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The sentimental side of the savages

This past Sunday, we commemorated the anniversary of a massive explosion that ripped through a pizzeria crowded with children in the center of Israel’s capital city. It was a catastrophe that upended lives, futures and attitudes and — in relatively small measure — influenced public policies, at least for a time.

My wife and I are the parents of one of the children murdered there that day. In fact, a majority of the 15 lives lost in the attack by an Islamist terrorist gang on Sbarro in Jerusalem were children. (A 16th victim, a mother whose child was then two years old, remains in a vegetative state to this day.)

August 9, as it has been for the past fourteen years, was a time for writing and tweeting and receiving back messages of strength and support from the people in our lives who care for our well-being. But if we take a brief look at the Arab world — parts of it, at any rate — yesterday was a day of memories for them too.

But of a very different kind, as we found by googling today:

This Facebook account celebrates the anniversary because of the 19 “Zionists” killed at Sbarro Jerusalem. That most of them were children goes unmentioned, perhaps because of the sheer transcendental joy of the celebration. And if they overstate the death toll by 4, so what? The human bomb is offered hearty congratulations on his fine achievement. The page has gotten 190 Likes and 13 Shares between the time it was launched on Sunday morning and 5:00 pm today, Monday, Jerusalem time.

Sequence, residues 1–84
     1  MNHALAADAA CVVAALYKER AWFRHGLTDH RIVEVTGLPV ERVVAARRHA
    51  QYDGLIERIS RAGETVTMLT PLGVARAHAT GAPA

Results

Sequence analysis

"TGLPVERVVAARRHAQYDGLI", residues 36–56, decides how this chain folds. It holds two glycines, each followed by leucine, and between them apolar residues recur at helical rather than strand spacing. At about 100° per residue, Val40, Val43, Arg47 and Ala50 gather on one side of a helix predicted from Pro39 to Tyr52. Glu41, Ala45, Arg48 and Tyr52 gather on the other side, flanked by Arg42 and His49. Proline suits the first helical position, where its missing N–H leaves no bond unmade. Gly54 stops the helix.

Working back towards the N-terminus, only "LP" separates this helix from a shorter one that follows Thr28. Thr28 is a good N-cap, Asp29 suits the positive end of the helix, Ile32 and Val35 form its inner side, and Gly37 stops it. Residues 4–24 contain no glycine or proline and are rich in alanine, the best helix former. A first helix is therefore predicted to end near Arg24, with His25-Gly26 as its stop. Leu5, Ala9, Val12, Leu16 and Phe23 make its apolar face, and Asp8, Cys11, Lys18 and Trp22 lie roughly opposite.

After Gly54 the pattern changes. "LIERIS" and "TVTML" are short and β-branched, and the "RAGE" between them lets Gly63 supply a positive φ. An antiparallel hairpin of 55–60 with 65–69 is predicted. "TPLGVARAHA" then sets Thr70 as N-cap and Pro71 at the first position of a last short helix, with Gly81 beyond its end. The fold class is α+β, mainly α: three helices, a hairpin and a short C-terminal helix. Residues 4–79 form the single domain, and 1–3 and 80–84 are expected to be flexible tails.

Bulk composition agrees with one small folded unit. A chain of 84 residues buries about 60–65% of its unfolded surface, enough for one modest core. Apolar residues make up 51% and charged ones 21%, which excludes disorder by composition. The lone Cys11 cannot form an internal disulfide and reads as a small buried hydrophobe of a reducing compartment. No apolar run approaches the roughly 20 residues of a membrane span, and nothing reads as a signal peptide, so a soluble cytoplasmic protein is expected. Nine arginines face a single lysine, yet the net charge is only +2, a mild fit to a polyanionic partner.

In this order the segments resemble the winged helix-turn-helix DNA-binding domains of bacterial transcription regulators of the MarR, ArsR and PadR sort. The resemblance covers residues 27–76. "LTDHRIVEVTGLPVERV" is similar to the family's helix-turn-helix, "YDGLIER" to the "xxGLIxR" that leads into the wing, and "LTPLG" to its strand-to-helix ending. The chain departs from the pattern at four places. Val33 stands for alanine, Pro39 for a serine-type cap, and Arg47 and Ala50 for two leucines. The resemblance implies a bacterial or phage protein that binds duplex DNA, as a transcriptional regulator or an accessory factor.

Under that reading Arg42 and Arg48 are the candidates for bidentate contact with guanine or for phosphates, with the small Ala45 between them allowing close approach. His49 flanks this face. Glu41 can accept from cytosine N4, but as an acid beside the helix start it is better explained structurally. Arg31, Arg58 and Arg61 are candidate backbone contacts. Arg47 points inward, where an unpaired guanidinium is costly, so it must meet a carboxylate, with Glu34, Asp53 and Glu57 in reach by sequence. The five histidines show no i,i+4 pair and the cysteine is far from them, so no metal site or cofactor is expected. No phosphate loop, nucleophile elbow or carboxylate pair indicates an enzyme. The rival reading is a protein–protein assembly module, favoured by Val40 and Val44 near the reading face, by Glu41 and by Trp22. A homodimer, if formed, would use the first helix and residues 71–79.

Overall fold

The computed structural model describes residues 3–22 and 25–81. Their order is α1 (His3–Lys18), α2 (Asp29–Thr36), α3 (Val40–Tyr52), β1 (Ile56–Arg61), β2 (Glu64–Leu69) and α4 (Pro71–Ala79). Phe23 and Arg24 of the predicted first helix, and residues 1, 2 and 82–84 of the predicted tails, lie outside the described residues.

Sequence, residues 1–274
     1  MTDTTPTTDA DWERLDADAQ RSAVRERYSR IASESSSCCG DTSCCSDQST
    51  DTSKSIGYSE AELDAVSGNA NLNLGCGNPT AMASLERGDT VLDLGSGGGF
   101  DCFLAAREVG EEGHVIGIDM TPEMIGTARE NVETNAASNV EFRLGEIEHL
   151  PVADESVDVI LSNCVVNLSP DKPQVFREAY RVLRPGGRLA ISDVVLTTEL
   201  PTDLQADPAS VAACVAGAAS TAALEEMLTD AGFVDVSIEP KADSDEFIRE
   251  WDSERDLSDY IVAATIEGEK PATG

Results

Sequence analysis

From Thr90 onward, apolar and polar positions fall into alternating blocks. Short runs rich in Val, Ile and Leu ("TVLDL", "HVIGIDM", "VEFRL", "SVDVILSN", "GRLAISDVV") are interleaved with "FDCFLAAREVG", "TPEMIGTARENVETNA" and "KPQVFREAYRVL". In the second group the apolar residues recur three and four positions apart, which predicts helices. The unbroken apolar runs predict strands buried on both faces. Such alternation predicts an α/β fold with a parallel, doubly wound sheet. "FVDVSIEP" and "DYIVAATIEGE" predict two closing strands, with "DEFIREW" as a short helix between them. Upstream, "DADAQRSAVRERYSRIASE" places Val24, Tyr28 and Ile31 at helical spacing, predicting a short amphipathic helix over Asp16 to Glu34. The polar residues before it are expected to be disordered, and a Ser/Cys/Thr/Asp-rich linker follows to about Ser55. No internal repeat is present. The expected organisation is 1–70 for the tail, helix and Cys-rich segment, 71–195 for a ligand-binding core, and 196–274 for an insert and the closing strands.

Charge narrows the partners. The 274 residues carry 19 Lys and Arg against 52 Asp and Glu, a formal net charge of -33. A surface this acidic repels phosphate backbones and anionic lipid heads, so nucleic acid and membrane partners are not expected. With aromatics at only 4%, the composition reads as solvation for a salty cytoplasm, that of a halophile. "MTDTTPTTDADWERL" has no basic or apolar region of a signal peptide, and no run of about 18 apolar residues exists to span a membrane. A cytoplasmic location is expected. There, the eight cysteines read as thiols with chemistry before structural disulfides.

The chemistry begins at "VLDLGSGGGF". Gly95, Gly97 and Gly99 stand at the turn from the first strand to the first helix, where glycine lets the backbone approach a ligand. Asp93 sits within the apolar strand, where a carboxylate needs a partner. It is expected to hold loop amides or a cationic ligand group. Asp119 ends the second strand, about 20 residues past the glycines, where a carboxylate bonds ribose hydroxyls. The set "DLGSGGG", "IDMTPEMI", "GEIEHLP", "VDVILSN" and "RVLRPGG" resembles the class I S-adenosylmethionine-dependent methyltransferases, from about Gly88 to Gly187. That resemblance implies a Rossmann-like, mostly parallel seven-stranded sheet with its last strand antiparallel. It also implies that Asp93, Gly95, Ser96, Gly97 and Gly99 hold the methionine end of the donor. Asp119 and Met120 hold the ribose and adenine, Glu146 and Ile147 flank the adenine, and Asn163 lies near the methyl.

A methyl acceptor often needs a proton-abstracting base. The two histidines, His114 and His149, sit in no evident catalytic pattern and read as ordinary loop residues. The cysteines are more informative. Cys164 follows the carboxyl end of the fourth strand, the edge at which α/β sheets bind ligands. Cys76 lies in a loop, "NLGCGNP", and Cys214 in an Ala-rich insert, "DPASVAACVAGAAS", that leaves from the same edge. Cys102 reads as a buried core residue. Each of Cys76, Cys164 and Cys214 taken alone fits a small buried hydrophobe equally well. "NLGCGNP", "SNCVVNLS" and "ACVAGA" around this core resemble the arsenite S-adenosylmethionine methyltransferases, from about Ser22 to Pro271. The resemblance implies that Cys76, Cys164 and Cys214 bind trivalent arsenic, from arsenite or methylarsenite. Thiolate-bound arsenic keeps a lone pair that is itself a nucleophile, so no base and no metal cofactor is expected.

The Sahafah Arabiah website, based in Egypt, has a tribute page honoring the killing of 20 “Zionists” at Sbarro. (Actual death tolls are evidently a minor detail once the Islamists have crossed the “massacre” threshold.) Referring to the guitar case carried on the human bomb‘s back and in reality filled with thousands of nails along with ten kilograms of tightly-packed explosives, the writers of the page wax lyrical about “playing melodies of revenge“. It seems music does that to you, if you’re inclined a certain way.

Over at Nablus Live, their commemorative article focuses, at great length, on the personality of the human bomb (we don’t feel the need to type his name — may his memory be forever erased), and his short career as a covert member of the ranks of Hamas. He is described as “not an ordinary man…a person of calm and tranquility“. Dead children do not appear in this account. Nor, as far as we can see, is there a word of condemnation, embarrassment or regret. It’s simply a paean to heroism, to an acclaimed hero, and his attainment.